The Most Exalted Order of the Star of India, Companion
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This Order was established by Queen Victoria, by her own proposal, in 1857. It was created to recognize loyal Indian citizens in the newly formalized British colony. It was intended to be the Indian equivalent of the English Order of the Garter, the Scottish Order of the Thistle, and the Irish Order of Saint Patrick. The Order has never been officially abolished, but no appointments have been made since India gained independence in 1947.
The Order was conferred upon members of the Indian civil service for meritorious service, as well as to Indian princes for their loyalty to the British crown. It was originally conferred in a single grade but was expanded to three grades in 1866. The first class was awarded in recognition of loyal service to India, and the second and third classes were awarded in recognition of at least 30 years of meritorious service. Foreigners could also be admitted to the Order, but only as honorary members.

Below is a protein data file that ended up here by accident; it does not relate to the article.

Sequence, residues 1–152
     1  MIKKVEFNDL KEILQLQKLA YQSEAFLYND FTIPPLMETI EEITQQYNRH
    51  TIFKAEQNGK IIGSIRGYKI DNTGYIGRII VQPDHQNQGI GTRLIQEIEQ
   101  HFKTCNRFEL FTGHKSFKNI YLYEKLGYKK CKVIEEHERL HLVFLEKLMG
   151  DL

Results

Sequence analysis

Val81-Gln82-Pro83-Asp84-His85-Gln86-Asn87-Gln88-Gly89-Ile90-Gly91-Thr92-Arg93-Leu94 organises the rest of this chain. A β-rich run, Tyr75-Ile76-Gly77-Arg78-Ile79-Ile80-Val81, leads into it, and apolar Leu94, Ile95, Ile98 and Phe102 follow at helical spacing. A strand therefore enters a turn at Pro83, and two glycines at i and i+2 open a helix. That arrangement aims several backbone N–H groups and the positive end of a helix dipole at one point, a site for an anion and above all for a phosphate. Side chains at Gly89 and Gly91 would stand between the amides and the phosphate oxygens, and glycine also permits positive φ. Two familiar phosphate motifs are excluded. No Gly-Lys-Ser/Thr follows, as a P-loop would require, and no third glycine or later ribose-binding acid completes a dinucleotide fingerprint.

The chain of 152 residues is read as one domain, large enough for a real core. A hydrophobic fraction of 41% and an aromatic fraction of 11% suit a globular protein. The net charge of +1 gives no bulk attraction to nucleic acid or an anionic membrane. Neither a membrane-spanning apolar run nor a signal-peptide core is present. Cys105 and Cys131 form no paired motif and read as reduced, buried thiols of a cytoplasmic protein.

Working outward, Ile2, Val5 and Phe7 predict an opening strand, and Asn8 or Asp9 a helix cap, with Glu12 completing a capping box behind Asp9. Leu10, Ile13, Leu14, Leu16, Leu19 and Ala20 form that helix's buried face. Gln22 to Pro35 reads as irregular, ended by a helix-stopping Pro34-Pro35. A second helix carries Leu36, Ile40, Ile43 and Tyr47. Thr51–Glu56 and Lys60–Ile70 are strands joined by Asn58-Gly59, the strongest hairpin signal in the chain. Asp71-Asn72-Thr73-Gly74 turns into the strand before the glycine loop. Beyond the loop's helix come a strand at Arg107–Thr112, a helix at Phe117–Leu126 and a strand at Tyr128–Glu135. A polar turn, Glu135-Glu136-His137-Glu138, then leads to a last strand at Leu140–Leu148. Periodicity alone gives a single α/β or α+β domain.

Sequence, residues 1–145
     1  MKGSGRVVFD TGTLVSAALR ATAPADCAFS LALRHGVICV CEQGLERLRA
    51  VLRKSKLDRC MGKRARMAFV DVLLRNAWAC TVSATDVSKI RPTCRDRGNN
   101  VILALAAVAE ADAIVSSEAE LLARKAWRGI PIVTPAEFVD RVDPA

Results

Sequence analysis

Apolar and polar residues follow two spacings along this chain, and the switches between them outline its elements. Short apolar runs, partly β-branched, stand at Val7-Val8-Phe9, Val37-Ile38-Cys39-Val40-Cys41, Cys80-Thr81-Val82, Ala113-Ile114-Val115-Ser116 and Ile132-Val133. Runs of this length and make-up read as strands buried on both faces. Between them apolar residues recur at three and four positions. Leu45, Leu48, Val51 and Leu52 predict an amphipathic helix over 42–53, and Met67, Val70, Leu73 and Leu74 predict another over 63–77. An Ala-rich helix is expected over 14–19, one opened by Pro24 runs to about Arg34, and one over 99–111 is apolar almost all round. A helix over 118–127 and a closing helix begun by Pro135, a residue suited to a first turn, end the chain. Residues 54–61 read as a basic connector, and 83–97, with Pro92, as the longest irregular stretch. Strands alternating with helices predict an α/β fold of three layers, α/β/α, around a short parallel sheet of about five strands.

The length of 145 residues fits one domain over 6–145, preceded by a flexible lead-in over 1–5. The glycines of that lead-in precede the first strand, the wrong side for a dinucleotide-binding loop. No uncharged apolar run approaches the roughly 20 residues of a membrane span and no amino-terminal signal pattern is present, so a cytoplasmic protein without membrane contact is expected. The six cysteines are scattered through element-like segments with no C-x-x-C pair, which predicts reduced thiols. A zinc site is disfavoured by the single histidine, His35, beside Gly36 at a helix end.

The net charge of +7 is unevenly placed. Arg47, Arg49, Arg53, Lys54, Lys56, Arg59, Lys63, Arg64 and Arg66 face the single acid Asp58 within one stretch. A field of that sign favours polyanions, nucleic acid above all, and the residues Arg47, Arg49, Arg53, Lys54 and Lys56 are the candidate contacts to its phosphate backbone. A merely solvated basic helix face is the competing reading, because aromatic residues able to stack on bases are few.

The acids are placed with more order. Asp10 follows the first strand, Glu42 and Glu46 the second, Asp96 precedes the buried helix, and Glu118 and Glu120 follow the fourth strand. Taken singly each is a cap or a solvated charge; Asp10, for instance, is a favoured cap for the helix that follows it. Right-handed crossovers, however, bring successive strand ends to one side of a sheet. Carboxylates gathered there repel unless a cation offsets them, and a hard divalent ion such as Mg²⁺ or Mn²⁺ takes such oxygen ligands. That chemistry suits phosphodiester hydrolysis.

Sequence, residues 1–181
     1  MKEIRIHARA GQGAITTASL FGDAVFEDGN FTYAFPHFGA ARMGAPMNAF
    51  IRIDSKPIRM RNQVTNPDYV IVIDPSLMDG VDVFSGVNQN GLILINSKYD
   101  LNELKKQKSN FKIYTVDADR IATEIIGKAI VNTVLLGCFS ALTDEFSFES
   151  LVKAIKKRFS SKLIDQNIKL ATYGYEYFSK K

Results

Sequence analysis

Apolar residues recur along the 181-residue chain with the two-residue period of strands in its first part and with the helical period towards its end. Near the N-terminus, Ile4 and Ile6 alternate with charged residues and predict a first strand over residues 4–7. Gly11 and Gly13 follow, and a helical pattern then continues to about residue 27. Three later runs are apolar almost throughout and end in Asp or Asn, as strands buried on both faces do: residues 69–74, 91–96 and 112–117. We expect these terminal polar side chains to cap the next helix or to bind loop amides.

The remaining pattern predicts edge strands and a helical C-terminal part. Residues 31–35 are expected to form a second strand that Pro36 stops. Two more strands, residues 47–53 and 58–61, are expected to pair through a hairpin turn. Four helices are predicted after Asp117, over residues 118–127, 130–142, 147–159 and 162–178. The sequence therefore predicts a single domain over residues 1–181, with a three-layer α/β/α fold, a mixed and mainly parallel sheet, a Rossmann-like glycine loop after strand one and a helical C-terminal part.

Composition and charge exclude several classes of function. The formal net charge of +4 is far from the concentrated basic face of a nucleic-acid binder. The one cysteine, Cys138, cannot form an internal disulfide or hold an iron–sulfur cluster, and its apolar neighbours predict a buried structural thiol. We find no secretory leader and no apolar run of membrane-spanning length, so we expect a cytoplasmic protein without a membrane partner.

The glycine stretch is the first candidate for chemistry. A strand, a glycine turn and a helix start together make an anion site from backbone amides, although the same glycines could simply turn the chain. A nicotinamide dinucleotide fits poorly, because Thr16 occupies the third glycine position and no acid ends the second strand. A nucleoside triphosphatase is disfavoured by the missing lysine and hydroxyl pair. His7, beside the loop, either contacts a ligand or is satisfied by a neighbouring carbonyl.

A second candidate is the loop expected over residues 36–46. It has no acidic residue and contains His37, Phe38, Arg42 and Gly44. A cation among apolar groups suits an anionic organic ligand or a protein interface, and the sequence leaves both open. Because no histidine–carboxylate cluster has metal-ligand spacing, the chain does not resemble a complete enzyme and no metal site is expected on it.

When the Order was conferred in a single class, membership was limited to 26 Knights. Membership limits were first changed when the Order was expanded in 1866. Membership has since been altered a number of times thereafter. In 1939, when the last amendments were made to the Order, membership was limited to 46 Knights Grand Commander, 106 Knights Commander, and 237 Companions. Members of the first and second classes were entitled to use the title “Sir.”
The motto of the Order was “HEAVEN’S LIGHT OUR GUIDE.”
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